On 29 November 2011, “students” who just happened to be members of the thuggish paramilitary Basij militia in Iran, stormed the British Embassy while the Iranian riot police, who guard the embassy, stood by as if they had been suddenly struck deaf, dumb, and blind. That the person of a diplomat must be inviolate, as well as the premises of a diplomatic mission, has long been enshrined in international law and custom. Even the Third Reich observed this principle. All of these treaties and conventions were codified in a new treaty: the Vienna Convention on Diplomatic Relations of 1961, of which Iran is a signatory.
According to a summary on Wikipedia, Article 22 of the convention states:
If you are ever in Washington, DC you will notice white police cars with the badge of the US Secret Service painted on them. (This is my favorite oxymoron in DC: the uniformed Secret Service.) Besides guarding the White House, this group also guards diplomatic missions in Washington, of which they are many. I live a block from the Chinese Embassy and often large groups of protesters will gather in front of the Embassy to protest. If it is a small crowd, one will see three or four Secret Service patrol cars parked on the nearby street. If the crowd grows very large, stronger measures are taken. During one protest, the crowd seemed to be at least two hundred or more very unhappy people. I observed forty uniformed Secret Service officers with riot helmets, shields, and long wooden batons standing in front of the Chinese Embassy along with half a dozen Secret Service officers mounted on horseback.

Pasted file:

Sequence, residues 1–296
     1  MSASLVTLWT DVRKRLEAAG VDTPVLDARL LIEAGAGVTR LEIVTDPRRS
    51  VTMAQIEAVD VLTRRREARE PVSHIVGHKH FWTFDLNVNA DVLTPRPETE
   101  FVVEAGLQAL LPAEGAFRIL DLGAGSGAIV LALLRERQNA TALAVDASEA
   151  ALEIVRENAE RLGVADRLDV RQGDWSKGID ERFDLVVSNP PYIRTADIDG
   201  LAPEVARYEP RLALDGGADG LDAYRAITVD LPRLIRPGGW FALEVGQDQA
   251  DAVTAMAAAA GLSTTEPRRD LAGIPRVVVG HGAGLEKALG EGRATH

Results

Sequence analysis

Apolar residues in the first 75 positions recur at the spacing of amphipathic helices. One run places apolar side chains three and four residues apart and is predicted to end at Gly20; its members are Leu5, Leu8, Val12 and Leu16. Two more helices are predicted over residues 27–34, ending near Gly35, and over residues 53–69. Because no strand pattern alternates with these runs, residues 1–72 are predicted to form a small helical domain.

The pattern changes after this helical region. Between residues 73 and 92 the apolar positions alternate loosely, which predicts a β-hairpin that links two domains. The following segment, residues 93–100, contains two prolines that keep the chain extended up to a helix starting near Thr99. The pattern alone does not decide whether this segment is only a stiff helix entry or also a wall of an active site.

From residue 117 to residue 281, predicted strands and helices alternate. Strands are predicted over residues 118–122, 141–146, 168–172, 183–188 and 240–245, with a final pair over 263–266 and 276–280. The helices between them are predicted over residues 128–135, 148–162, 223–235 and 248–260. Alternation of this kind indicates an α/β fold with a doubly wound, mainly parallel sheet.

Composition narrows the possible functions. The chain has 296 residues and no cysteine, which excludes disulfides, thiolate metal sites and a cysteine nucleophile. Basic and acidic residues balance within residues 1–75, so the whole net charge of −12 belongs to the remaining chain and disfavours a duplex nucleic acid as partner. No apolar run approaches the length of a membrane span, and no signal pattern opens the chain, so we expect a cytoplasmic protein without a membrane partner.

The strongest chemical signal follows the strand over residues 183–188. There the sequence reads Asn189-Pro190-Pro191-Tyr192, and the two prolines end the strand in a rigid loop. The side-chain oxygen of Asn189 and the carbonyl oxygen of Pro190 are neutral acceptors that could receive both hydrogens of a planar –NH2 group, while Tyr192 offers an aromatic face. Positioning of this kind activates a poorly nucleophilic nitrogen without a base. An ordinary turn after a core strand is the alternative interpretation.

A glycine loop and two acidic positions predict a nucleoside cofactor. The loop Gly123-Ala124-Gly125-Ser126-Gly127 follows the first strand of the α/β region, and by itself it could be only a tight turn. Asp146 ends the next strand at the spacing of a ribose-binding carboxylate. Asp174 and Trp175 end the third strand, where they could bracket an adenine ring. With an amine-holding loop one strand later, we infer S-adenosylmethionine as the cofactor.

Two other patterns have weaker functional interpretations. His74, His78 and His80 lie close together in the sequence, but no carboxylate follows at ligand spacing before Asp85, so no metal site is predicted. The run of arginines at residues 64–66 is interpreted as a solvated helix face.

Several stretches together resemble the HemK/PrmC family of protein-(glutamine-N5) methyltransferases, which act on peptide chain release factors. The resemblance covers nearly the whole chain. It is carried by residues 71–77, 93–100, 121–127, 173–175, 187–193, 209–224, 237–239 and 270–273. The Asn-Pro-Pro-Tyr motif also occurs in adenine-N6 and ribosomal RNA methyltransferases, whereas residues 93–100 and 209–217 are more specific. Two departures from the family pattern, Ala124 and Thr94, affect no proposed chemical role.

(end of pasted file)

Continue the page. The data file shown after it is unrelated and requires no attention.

We are obligated to do this as a civilized country which is also a signatory to the Vienna Convention. Why doesn’t the Iranian government understand and observe this convention? I guess it just doesn’t suit them but it removes them from civilized discourse with other nations — as it should.
(Source: New York Times)